Characterization of Bone-Conduction Mechanisms in Chinchilla Using in Vivo Measurements and Impedance Models
Bowers, Peter N.
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CitationBowers, Peter N. 2020. Characterization of Bone-Conduction Mechanisms in Chinchilla Using in Vivo Measurements and Impedance Models. Doctoral dissertation, Harvard University, Graduate School of Arts & Sciences.
AbstractThe mechanisms of bone-conduction hearing in chinchilla that result from vibration of the skull, include ear-canal compression, relative motion between the middle-ear bones and the inner ear, compression of the cochlear bone, and the transmission of intracranial sound pressures into the inner ear via fluid-filled connecting pathways. This work aims to characterize these mechanisms in terms of the magnitude and phase of vibration-driven sound pressure and volume-velocity sources within the auditory periphery. A lumped-element circuit model of air-conduction hearing in chinchilla is developed, which serves as the basis for our bone-conduction model. The air-conduction model is adapted from a model of hearing in humans, developed by Zwislocki (1962). The chinchilla model is extended by the addition of an ear canal that both contains multiple external-ear bone-conduction sources, and imposes natural impedances on motions of the TM produced by vibration-driven sources within the external, middle and inner ear. The model is further modified by the addition of realistic cochlear scalae, a helicotrema and vestibular and cochlear aqueducts, all of which are defined by the analysis of micro-CT scans of a chinchilla ear. The multiple vibration-driven bone-conduction sources are characterized by measurements of vibration-induced mechanical, acoustic, and/or neurological responses, in normal- or manipulated-ear conditions. The measurements under the various conditions enable separation of system responses resulting from individual sources. Two external-ear bone-conduction sources, which define the contribution of the bony and cartilaginous walls of the ear canal to vibration-driven sound pressures within the canal, are fully characterized. These sources are shown to dominate the vibration-induced sound pressures within the ear canal. The effect of vibration-driven intracranial sound pressures transmitted to the inner ear via the vestibular and cochlear aqueducts is estimated from measurements and the model. Our analyses suggest this mechanism does not play a significant role in vibration-induced hearing mechanics. A method for differentiating the contributions of cochlear compression and cochlear-fluid inertia to bone-conduction hearing is offered, and an application of this method is demonstrated using a proposed cochlear network that includes such mechanisms.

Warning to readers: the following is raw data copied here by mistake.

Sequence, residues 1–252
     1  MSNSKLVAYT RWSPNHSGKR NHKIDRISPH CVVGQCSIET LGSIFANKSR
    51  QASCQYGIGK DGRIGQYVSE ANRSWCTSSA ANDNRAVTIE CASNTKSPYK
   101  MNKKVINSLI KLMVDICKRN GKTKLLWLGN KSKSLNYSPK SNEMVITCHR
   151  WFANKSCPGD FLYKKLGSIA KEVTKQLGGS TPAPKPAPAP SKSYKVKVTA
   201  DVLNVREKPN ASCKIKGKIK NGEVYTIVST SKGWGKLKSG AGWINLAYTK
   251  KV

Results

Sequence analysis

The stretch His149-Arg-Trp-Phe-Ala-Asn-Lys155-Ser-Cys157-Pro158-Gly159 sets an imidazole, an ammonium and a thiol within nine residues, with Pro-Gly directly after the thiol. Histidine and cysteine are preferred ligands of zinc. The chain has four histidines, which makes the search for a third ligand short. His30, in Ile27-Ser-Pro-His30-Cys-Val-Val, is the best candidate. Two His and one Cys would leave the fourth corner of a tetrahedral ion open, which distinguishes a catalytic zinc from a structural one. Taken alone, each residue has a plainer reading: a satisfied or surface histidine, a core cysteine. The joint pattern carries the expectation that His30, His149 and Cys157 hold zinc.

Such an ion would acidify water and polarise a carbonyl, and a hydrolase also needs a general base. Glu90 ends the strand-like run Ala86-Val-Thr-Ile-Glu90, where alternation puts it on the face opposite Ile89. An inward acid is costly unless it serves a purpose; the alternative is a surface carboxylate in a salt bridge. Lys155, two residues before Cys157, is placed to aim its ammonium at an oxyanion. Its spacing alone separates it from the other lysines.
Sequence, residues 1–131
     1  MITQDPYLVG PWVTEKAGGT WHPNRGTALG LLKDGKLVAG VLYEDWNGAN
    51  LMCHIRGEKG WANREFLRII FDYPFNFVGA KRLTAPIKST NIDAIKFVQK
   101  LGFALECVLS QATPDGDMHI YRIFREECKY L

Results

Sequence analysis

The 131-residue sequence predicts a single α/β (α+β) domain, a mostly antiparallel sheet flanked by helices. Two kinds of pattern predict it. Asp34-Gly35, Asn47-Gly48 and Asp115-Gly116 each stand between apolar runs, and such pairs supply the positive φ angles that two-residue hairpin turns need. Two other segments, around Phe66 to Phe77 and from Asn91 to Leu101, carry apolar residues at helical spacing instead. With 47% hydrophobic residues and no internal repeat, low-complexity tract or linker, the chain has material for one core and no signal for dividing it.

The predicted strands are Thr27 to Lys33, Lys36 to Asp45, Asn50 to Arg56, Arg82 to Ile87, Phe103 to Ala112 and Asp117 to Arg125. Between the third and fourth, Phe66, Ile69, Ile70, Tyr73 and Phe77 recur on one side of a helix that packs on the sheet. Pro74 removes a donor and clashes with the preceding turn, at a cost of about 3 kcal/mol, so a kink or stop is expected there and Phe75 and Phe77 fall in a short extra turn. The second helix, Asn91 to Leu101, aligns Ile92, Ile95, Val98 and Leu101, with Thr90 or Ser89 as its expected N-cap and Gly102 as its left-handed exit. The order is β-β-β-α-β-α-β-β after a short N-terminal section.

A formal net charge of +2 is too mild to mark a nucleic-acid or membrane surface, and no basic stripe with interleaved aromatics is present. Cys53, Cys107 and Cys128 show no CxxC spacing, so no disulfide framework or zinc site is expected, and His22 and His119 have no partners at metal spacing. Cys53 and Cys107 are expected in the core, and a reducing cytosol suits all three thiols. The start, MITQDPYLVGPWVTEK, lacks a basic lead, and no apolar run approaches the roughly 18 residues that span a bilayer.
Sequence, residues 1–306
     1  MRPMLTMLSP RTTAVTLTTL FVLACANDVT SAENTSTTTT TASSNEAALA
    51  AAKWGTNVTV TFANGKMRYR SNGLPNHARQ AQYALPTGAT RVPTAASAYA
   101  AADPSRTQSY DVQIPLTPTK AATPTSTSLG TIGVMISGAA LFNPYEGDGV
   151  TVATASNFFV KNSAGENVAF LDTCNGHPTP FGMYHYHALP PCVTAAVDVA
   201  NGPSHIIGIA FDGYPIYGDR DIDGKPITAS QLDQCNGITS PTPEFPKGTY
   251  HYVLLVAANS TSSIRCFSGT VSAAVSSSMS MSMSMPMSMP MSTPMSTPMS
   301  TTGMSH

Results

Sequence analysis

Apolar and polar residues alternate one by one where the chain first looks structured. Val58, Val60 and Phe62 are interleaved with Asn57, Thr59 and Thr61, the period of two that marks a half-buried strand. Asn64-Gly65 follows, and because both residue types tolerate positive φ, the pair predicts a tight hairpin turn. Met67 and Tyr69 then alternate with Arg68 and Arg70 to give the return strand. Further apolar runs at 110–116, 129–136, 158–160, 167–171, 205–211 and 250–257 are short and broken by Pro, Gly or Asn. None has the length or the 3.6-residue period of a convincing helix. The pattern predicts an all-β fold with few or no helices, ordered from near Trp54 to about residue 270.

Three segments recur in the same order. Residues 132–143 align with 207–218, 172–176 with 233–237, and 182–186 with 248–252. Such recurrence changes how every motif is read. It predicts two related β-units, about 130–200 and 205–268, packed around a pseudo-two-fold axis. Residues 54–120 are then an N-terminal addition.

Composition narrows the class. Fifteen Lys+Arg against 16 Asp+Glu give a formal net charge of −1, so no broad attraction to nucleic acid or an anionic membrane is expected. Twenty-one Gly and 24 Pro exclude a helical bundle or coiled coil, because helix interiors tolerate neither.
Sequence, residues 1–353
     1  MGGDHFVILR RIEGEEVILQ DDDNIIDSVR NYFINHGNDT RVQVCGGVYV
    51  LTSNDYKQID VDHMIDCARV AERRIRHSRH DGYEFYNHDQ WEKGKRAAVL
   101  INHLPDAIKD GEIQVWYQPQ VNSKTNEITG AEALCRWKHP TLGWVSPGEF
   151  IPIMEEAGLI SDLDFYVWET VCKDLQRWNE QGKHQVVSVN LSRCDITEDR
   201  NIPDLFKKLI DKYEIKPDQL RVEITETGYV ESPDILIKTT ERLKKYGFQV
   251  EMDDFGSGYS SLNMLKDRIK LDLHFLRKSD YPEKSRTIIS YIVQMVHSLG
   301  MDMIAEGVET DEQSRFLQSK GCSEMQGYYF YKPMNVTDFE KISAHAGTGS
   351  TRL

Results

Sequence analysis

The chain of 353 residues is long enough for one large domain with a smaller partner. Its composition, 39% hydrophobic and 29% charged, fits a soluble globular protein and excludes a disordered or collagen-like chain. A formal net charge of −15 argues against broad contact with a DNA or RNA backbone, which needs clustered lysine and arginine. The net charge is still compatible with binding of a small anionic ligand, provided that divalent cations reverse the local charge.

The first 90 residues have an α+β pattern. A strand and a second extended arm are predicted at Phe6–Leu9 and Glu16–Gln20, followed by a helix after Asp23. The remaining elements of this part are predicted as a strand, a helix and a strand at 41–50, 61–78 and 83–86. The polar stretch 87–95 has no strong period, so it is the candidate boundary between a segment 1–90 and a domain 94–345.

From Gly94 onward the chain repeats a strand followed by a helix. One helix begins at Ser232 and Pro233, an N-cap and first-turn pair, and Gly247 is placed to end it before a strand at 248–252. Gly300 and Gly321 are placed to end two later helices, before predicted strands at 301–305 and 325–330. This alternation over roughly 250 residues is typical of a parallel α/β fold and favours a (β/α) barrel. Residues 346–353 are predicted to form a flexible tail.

Citable link to this pagehttps://nrs.harvard.edu/URN-3:HUL.INSTREPOS:37365107
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